The Mariners took advantage of some sloppy middle relief and even sloppier fielding by the A's to turn a one-run deficit into an insurmountable lead behind Felix Hernandez

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OAKLAND, Calif. — Not every day do you see a team bristling with confidence in the dugout after striking out nine times and stranding eight runners through the first five innings of a game.

But the Mariners could sense that with each battle lost against Oakland Athletics starter Trevor Cahill in Friday night’s season opener, they were winning a greater war. And indeed, all the pitches taken and base runners piled up against Cahill early on proved turning points in a 6-2 win by the Mariners.

With ace pitcher Felix Hernandez his dominant self, becoming the first Seattle pitcher ever to last nine innings on opening day, the Mariners knew the key to victory was ensuring Cahill hit the showers well before their guy did. Mariners manager Eric Wedge could sense an early exit for Cahill and kept imploring his hitters not to waste any swings.

“Wedgie was in the dugout telling us, ‘We’re knocking on the door. Keep going, keep grinding,’ ” Mariners designated hitter Jack Cust said. “We got guys on base and we got Cahill’s pitch count up. Got him out of the game. We got into the bullpen … and we got to some of those guys as well.”

The Mariners drew seven walks in the game, and Cust got one with the bases loaded in the third to bring home the only run Cahill allowed. That halved a 2-0 lead Oakland had obtained in the first inning, when Josh Willingham took Hernandez deep to left for a two-run homer.

Cahill needed 29 pitches to get out of the third inning, then 24 more in the fourth after Seattle loaded the bases again. Two outs into the fifth, Cahill was pulled from the game with two on and his pitch count bursting at 105.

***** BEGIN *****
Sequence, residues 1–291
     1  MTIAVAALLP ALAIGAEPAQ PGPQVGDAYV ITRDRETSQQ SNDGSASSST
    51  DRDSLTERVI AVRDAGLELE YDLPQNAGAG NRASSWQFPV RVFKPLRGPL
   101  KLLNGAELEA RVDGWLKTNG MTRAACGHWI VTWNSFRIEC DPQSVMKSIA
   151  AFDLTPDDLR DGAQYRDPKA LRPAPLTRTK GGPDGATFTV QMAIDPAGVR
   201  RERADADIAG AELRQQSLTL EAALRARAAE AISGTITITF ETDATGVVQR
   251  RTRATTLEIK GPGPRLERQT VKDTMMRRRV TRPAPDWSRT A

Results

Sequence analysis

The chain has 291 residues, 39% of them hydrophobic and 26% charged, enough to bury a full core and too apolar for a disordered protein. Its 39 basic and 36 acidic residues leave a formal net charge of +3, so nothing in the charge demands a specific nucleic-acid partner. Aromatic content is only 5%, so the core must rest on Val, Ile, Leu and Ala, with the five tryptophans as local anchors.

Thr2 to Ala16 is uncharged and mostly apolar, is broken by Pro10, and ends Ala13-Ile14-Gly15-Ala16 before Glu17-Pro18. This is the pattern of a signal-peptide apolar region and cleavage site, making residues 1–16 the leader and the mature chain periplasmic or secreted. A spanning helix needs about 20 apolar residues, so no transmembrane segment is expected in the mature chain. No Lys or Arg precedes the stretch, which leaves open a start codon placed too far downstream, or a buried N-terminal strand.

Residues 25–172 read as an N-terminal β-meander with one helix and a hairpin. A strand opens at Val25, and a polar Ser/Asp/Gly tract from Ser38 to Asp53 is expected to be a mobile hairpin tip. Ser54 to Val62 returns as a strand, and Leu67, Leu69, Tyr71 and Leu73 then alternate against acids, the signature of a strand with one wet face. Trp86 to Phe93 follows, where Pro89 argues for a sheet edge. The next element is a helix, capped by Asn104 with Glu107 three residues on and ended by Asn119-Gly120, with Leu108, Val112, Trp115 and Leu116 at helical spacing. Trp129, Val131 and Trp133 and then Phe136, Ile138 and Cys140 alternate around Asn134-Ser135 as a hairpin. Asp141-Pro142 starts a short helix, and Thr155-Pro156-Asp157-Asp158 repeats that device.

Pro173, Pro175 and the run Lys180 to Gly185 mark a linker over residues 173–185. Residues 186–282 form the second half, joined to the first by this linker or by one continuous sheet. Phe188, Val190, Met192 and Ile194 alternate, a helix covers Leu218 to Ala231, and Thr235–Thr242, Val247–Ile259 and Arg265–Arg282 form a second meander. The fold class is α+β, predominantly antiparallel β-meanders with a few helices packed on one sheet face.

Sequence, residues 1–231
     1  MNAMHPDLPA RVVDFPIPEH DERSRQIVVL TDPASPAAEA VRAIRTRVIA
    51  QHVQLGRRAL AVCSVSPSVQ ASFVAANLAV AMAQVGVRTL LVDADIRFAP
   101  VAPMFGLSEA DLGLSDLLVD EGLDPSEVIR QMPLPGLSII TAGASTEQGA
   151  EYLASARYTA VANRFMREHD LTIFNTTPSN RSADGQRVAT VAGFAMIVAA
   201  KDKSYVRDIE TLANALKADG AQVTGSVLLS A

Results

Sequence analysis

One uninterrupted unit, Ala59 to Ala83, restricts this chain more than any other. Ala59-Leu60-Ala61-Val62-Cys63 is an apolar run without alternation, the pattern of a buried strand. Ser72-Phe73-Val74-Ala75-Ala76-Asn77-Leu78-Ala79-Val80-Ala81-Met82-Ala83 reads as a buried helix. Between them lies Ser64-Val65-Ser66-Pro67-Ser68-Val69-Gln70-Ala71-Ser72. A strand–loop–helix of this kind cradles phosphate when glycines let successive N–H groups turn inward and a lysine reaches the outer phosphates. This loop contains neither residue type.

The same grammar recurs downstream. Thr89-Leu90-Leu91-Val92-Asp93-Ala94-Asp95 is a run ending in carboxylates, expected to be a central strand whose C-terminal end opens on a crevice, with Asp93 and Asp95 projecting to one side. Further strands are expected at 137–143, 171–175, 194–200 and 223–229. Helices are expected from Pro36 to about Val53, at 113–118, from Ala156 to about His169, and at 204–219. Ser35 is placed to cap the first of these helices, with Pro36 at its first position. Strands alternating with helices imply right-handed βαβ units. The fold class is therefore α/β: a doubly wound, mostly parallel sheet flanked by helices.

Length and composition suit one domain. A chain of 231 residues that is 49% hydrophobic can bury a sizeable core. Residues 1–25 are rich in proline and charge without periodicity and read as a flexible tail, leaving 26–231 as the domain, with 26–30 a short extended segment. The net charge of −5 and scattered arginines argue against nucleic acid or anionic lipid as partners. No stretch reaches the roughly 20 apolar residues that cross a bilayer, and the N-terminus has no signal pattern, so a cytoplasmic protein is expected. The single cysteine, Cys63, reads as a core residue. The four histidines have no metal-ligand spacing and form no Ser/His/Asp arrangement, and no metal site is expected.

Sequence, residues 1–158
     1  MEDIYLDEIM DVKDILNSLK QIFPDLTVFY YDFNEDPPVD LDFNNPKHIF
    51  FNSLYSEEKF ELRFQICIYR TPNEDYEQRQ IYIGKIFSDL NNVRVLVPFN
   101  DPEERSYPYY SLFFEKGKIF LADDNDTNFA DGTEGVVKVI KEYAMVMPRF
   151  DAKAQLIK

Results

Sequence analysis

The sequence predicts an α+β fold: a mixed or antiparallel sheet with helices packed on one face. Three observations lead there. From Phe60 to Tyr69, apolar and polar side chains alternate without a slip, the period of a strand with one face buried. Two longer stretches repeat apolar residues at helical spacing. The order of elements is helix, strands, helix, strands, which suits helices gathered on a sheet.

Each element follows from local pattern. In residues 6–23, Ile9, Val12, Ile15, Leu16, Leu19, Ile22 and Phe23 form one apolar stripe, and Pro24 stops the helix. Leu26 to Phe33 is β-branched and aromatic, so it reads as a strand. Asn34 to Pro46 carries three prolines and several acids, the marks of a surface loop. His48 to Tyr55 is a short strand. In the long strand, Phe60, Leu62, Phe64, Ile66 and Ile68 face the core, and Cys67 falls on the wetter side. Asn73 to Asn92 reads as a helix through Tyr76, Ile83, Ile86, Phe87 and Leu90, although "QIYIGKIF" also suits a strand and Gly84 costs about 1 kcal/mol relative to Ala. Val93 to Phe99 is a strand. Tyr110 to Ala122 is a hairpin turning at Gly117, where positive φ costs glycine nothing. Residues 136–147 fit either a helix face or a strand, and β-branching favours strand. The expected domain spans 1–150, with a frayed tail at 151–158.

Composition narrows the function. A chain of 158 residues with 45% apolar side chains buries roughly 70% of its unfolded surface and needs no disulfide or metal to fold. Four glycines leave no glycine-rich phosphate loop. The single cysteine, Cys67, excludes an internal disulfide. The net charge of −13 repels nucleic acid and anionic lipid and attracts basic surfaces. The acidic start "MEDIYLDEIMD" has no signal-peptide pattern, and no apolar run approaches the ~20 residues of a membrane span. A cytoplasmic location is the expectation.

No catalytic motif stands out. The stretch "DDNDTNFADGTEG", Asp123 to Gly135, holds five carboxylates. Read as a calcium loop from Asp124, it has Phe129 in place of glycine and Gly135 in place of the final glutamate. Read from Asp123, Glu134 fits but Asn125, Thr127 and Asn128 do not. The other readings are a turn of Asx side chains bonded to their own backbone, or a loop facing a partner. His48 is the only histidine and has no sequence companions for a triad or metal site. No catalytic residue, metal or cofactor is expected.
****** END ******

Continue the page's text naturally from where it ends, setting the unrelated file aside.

Oakland survived that inning, but Ichiro tied things up with a run-scoring single in the sixth. Chone Figgins then matched his home-run total from all of last season, clubbing a solo shot off left-handed reliever Craig Breslow to put the Mariners ahead to stay.

The way Hernandez was pitching, allowing just one single from the second inning through the seventh, that Figgins shot must have had the 36,067 fans at the Coliseum wondering if the game was already over. Many of those fans began moving toward the exits in the seventh, when the Mariners piled on three more runs, aided by two of the five errors committed by A’s fielders.

“It was awesome, man,” Hernandez said. “Like I’ve said, I think we’re going to score more runs than last year. Look at what happened. I think we’re going to be better.”

The reigning AL Cy Young Award winner had watched the Mariners score six or more runs in just three of his 34 starts last season. It certainly helped that the A’s kept booting the ball around and messing up routine throws.

But when a team gets on base 20 times the way the Mariners did — with eight hits, seven walks, five A’s errors and a botched fielder’s choice at home on which catcher Kurt Suzuki was injured — it’s going to be tough to lose. The A’s were a different team once Cahill left, and folded in ugly fashion.

“You just keep getting guys on base, and guys get more comfortable hitting with guys on base,” Cust added. “When you don’t have guys on base and you finally get some, sometimes you put a little pressure on yourself. But the more you see the guys out there, you start to relax in those situations. We had some guys come through and it was good to see.”

Along with the bomb he hit off Breslow, Figgins had also helped put the early squeeze on Cahill. He notched a two-out single in the third inning with a runner on, followed by walks from Milton Bradley and Cust to get Seattle on the board.

“I think it’s just that everybody is ready to hit,” Figgins said. “When you’re ready to hit, you don’t swing at as many balls. They did strike out a few, but it was on good pitches and getting in deeper counts.”

And the A’s, as the game wore on and the runners piled up, kept pressing and making mistakes.

“I felt like we did a good job of pushing the game,” Wedge said. “That’s what we’re going to have to do. Push the ballgame offensively and try to create opportunities for ourselves.

“We didn’t take advantage of it early. But if you keep pushing, at some point you’re going to take advantage of those opportunities, and ultimately we did.”

Geoff Baker: 206-464-8286 or gbaker@seattletimes.com